• Placed a designee on the internal Emergency Preparedness team and as a point of contact for all internal and external inquiries
    • Developed a speakers' bureau
    • Determined acceptable organizations to direct donations to such as Red Cross, United Way, One Blood, etc.

    Community relations, volunteer services and the foundation worked together to establish specific criteria that included:

    • Messaging for Orlando Health call center operators and email inquiry response:

    Thank you for your inquiry into how you can assist Orlando Health and the families affected by the recent tragedy.  We are so grateful for your willingness to give back during this difficult time. Please direct all inquiries for donations or volunteer opportunities to [email protected]. Due to security measures, we cannot accept any homemade food items. Examples of acceptable donations include gift cards, bottled water or individually packaged, non-perishable food items and notes or gifts of encouragement.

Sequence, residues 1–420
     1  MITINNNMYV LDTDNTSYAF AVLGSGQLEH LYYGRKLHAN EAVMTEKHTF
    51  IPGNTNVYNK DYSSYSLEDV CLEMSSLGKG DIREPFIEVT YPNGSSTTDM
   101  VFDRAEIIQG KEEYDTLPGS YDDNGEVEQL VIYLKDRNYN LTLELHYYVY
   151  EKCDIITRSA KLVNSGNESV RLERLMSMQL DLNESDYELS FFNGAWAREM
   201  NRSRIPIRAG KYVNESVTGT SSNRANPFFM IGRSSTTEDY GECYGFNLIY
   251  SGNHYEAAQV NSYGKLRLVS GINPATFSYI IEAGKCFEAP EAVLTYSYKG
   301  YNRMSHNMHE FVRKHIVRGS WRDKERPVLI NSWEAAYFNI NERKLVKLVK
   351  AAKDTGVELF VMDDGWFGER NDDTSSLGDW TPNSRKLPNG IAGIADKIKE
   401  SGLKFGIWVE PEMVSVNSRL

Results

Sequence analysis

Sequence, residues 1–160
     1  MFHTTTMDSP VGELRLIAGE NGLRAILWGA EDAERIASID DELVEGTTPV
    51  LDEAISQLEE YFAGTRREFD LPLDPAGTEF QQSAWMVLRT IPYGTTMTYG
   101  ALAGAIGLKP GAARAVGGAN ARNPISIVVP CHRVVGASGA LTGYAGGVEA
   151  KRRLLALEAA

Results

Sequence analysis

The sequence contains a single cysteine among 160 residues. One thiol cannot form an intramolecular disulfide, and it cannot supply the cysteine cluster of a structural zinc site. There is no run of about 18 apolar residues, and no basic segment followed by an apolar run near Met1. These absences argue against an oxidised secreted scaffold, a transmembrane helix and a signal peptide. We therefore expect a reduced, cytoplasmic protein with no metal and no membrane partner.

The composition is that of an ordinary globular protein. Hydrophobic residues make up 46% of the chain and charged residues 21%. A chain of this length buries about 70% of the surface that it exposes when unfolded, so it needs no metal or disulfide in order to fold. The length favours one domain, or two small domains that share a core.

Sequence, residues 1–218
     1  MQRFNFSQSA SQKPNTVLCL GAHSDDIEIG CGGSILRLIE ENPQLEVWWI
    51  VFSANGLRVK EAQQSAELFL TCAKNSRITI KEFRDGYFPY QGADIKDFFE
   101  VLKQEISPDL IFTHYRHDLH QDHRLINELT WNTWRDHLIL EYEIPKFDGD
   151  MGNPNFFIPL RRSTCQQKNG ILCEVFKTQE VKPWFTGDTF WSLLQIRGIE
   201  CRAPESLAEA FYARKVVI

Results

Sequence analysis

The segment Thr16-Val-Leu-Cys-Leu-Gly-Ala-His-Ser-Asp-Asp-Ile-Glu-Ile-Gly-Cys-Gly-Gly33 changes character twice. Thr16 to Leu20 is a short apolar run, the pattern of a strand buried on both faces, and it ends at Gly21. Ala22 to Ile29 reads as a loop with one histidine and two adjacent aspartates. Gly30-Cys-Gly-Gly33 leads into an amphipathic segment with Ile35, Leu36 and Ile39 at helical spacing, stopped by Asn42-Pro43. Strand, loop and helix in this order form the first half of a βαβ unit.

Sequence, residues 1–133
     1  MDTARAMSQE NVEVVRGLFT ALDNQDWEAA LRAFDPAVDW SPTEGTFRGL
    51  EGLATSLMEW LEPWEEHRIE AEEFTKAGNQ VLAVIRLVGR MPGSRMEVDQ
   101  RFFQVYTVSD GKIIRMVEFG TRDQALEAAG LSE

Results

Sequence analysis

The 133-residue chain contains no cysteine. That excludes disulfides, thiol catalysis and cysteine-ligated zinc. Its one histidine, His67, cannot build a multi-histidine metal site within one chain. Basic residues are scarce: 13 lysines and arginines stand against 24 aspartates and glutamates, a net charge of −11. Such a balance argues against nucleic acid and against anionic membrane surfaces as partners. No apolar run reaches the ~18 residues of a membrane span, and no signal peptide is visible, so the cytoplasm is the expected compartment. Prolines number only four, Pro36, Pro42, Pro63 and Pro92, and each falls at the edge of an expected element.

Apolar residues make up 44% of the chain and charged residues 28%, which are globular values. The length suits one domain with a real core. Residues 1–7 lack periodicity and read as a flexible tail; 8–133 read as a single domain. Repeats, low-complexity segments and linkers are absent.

Another way to help is to make a donation to the Orlando Health Disaster Relief Fund through the Orlando Health Foundation, which will support the ORMC Level One Trauma Center. 

    • Preparation for incident
      • Designate a generic e-mail address and phone number in the Community Relations department in partnership with the foundation for fielding all general donation inquiries in the midst of a crisis. A point-person should be selected who can be contacted on the day of the incident and can put the plan into effect.
      • Designate liaison in the foundation to receive inquiries regarding all monetary donations.